In 2012, Hurricane Sandy created an open breach in the barrier island system along the south shore of Long Island, N.Y. This breach formed at a location known as Old Inlet and migrated rapidly westward over the winter storm season following Hurricane Sandy. In response, the National Park Service sought assistance from the USGS New York Water Science Center to help evaluate the hydrodynamics and geomorphology of the breach. The evaluation is centered on measurement of water velocities and depths within the breach, and collection of water levels with the Great South Bay adjacent to the breach. This project is part of a larger ongoing study prepared in coordination with the National Park Service and the U.S. Army Corps of Engineers, titled Evaluation of a barrier-island breach created by Hurricane Sandy at Fire Island National Seashore, N.Y. The goals of this effort are to understand the formation and evolution of the breach and its impacts to the morphology of the adjacent barrier island, and to develop capabilities for predicting stability of future breaches that may occur on Fire Island or similar environments. In order to capture the morphology of the breach channel, depths, disharge, and velcoity data were collected at low and high tide. Periodic measurements of the breach (tidal discharge and bathymetry) taken since 2012 are available as GIS packages and can be found at https://ny.water.usgs.gov/projects/hurr_sandy_2012/.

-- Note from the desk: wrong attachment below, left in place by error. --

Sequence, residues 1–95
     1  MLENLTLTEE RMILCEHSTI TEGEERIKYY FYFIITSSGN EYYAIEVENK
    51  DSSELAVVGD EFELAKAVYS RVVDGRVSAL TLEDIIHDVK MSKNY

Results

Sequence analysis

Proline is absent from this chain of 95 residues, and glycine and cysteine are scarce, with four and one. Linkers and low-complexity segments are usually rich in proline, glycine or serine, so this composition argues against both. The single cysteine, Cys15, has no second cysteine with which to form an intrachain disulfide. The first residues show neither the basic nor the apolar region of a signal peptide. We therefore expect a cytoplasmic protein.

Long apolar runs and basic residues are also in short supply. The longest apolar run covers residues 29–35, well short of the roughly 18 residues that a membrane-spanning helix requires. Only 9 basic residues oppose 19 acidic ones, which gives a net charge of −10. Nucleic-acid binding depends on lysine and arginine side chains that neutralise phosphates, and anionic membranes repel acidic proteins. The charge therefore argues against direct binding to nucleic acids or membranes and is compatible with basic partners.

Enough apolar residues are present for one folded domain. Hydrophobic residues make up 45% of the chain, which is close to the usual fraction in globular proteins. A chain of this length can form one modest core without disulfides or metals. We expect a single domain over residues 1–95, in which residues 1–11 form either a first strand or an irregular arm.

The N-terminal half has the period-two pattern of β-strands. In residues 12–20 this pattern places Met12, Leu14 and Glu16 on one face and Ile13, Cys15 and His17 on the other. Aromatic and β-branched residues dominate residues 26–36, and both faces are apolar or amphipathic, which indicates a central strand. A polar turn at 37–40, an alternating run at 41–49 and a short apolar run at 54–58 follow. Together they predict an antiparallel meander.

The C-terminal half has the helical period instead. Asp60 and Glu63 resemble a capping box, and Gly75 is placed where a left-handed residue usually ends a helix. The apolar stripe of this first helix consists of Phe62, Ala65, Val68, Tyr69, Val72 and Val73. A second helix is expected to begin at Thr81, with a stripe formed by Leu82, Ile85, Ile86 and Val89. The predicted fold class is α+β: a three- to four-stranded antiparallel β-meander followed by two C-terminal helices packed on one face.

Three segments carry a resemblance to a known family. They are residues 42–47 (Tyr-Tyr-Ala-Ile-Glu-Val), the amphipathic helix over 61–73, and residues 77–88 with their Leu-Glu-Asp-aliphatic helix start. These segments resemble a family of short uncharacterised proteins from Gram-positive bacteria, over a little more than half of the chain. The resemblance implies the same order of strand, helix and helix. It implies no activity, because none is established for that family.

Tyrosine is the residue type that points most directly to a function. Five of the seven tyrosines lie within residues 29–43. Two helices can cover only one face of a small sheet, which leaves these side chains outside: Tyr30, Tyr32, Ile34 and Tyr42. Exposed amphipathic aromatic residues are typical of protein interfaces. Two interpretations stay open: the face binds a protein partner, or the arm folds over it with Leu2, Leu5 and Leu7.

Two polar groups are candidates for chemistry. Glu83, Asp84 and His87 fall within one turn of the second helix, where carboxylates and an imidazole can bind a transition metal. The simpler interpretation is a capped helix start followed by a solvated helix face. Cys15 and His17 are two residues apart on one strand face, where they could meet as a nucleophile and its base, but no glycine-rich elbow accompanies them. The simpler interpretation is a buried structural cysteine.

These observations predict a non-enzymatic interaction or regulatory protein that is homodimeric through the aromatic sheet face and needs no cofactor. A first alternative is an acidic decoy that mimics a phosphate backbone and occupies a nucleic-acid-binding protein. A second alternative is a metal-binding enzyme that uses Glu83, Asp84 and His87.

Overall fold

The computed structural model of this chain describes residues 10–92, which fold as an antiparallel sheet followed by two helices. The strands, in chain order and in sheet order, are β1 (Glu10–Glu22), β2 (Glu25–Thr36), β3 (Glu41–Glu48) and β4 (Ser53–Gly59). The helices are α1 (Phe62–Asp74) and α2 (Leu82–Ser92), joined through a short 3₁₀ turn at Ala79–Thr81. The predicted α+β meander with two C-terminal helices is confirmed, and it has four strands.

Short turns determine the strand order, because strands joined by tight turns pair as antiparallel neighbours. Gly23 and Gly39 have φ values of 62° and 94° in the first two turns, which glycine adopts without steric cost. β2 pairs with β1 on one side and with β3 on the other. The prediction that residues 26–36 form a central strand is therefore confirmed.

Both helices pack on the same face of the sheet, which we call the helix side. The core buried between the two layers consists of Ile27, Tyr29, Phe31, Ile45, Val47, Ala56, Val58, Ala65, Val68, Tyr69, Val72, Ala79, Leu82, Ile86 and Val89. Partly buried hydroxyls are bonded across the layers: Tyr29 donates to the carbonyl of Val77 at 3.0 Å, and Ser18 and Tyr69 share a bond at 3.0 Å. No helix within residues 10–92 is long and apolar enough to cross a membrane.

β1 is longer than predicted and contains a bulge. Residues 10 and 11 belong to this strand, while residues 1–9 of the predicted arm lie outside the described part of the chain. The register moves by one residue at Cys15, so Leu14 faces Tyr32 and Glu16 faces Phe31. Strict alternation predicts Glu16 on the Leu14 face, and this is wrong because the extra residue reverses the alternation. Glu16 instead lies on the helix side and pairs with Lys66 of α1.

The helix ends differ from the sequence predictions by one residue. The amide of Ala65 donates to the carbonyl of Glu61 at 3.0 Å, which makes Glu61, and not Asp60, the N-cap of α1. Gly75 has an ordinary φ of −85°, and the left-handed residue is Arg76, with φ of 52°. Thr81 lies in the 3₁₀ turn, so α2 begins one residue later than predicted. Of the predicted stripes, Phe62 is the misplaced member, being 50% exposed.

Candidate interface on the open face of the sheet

On May 14, 2015, U.S. Geological Survey New York Water Science Center personnel collected data to evaluate channel geometry, water velocity, and discharge of an open breach in the Federal Wilderness area of Fire Island National Seashore. Data were collected using a Sontek M9 Acoustic Doppler Current Profiler with Real-Time Kinematic Global Positioning System. Depth soundings were collected during discharge measurements at locations along the approximate center line and adjacent to the shores of an open breach in the Federal Wilderness area of Fire Island National Seashore. The depth soundings were converted to sea floor elevations relative to the North American Vertical Datum of 1988 (NAVD 88). The mapped area includes data collected during discharge measurements of both incoming (flood) and outgoing (ebb) tide conditions at high and low tide respectively.
An initial series of transects was collected starting about 4 hours before ocean low tide on May 14, 2015. Data were collected perpendicular to flow through the breach beginning at 0725 Eastern Standard Time (EST) and ending at 0811 EST. The first set of transects was taken near the bayward side of the breach, with subsequent sets collected progressively closer to the seaward side of the breach. Discharge ranged from 16,400 cfs (cubic feet per second) during the beginning set of transects to 17,400 cfs during the second set of transects. A second series of transects was collected starting about 4 hours before ocean high tide on May 14, 2015. Data collection began at 1335 EST and ended at 1445 EST. The first set of transects was taken perpendicular to the flood tidal channels bayward of the former Great South Bay shoreline; subsequent sets were collected progressively closer to the seaward side of the breach. Discharge ranged from 16,500 cfs during the beginning set of transects to 24,900 cfs during the final set of transects. Measured discharges are published and available at https://waterdata.usgs.gov/nwis/measurements/?site_no=01305207